Abstraction-Interrelation From the Age of the Machine to the Age of Life

Date: Thursday 6 May 1993
Time: 00:00
Running time: 90 mins

'The time I started my career as an architect (1960) coincided exactly with the time when the movement of Metabolism began. Metabolism had two main objectives: to revise Modernism and to revise Westernism. Secularistic and materialistic trends in Modernism made it inevitable to regard the present or the contemporary as something absolutely ultimate and stable. However, historical traditions and futuristic conceptual images have never been in accord with the secularism of Modern architecture. We must also remember that Modernism was a Janus, a two-faced god whose other face was Westernism. Modernism was based on the dualistic value system of the Occident, made to appear as something absolutely right. Looking back on the last 30 years, significant changes from the time of Metabolism are evident. Nevertheless these two objectives - to revise Modernism and to revise Westernism - still exist as my own objectives, even more vividly and strongly than at the time of Metabolism. Today, these two objectives can be described as follows: to put "the present" in a relative framework of time and thus conceive Diachronic Architecture; to put "the Occidental" in a relative system of cultural values and thus conceive Synchronic Architecture. These two objectives will ultimately create what I call the "architecture of Symbiosis" representing my "Philosophy of Symbiosis."' Kisho Kurokawa discusses abstraction and symbolism in relation to Japanese culture, exploring in-between space as a tool for interrelation and symbiosis for 21st century architecture.

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The Architectural Association receives Taught Degree Awarding Powers by the Lords of Her Majesty’s Most Honourable Privy Council.

The Architectural Association (AA), the oldest independent school of architecture in the United Kingdom, is pleased to announce that it has been granted the power to award its own degrees. As of 1 October 2019, the AA has the right to establish new academic programmes and degree awards and is working to create some of the world’s most pioneering courses in architecture to shape and build the future.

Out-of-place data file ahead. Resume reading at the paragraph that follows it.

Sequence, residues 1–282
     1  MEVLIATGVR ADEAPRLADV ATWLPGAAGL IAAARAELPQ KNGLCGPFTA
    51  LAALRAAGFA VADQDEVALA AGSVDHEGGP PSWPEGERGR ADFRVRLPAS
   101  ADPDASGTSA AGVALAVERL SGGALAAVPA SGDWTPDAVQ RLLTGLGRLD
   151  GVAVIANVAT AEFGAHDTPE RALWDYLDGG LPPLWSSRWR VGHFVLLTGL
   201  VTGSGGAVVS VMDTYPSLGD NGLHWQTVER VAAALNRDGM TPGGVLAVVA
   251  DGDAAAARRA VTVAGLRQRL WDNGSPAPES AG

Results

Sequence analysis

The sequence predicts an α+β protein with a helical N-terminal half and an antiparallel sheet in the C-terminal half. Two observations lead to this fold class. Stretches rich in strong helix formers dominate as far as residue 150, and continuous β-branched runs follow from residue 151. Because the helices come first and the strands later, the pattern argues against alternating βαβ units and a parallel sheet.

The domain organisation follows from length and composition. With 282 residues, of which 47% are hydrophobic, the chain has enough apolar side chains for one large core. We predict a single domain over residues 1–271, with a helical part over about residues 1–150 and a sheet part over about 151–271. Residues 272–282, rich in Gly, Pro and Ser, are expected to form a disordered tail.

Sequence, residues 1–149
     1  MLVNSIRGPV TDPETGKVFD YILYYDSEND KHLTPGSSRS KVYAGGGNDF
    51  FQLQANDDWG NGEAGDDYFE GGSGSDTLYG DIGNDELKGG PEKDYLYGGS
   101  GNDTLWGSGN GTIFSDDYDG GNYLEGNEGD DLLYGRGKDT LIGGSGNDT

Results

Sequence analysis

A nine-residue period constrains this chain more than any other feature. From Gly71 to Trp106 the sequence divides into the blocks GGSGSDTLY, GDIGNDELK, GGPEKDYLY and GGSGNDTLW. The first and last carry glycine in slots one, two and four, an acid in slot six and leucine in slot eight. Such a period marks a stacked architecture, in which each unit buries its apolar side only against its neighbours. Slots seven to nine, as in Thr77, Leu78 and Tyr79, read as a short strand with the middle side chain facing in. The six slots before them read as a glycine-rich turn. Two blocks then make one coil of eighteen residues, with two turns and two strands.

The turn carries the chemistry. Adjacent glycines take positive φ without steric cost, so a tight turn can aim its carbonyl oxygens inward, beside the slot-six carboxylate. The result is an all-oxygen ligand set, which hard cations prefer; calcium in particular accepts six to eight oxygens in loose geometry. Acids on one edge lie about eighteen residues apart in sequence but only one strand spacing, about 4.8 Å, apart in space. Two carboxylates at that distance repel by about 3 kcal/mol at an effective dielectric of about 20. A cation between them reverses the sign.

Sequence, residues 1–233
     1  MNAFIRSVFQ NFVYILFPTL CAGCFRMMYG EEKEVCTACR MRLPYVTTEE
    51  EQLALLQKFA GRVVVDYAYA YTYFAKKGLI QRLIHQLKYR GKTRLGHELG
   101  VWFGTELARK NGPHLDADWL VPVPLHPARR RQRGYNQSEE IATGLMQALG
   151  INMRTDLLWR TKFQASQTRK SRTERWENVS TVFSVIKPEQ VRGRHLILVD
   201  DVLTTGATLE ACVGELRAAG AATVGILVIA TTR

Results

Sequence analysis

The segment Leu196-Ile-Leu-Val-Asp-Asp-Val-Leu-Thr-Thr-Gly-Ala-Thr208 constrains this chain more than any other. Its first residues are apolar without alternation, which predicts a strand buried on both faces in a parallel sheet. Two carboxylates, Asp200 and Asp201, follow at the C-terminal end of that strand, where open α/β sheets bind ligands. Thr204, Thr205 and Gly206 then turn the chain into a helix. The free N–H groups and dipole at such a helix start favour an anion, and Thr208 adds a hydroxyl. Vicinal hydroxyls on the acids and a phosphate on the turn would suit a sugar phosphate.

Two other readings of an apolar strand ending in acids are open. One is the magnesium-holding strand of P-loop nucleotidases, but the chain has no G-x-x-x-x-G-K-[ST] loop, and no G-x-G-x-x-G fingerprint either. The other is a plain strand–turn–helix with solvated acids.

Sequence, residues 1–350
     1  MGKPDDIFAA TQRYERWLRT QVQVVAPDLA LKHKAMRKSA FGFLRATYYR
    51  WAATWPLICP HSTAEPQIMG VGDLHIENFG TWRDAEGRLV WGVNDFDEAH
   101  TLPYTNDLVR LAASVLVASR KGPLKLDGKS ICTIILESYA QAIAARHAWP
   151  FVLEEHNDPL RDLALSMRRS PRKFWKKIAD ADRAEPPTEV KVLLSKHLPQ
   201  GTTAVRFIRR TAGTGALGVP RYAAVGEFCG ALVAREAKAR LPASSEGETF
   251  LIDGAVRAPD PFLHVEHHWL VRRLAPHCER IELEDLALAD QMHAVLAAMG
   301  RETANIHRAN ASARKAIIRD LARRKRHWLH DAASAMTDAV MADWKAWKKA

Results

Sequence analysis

Taught Degree Awarding Powers (TDAP) give UK higher education institutions the right to award bachelor’s and master’s degrees. Prospective students worldwide can apply to the AA Foundation Course (Foundation Diploma), Experimental Programme BA(Hons), Diploma Programme (MArch), and nine taught postgraduate programmes encompassing History and Critical Thinking in Architecture (MA), Projective Cities (Taught MPhil) and Sustainable Environmental Design (MSc/MArch), amongst others.

AA Director, Eva Franch said, ‘since our founding in 1847 we have never ceased to create new horizons, institutionally and academically. This is a significant milestone for the AA and demonstrates how we have grown and progressed as an institution that has always valued independence. Receiving TDAP marks a new era for our institution; these are exciting times for the AA. The process has required considerable work from all members of staff and students. I would like to take this opportunity to credit them for this major achievement’.

President of the AA Council, Victoria Thornton added, ‘the TDAP process has recognised our strong governance, academic standards, scholarship and teaching as well as the environment supporting the delivery of taught higher education programmes’.

The School’s application for Taught Degree Awarding Powers was supported by the Architects Registration Board, the Royal Institute of British Architects and The Open University.